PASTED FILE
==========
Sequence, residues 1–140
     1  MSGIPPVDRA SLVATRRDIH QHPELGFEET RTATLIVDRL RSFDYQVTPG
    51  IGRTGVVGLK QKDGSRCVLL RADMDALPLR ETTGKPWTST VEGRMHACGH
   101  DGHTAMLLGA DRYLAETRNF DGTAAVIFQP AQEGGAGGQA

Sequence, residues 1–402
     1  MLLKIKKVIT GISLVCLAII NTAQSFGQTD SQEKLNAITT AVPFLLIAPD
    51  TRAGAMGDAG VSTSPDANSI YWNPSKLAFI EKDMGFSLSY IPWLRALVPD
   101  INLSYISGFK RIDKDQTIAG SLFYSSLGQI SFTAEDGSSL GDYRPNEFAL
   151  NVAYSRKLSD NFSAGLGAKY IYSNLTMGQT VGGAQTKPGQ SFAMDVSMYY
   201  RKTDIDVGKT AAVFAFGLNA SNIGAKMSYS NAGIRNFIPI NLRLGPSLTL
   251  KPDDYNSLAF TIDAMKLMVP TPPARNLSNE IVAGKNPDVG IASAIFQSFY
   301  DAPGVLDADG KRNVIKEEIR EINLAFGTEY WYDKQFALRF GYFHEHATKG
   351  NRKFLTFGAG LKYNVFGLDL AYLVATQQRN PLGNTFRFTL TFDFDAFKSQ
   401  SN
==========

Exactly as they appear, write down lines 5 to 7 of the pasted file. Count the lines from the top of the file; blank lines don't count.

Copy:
Sequence, residues 1–402
     1  MLLKIKKVIT GISLVCLAII NTAQSFGQTD SQEKLNAITT AVPFLLIAPD
    51  TRAGAMGDAG VSTSPDANSI YWNPSKLAFI EKDMGFSLSY IPWLRALVPD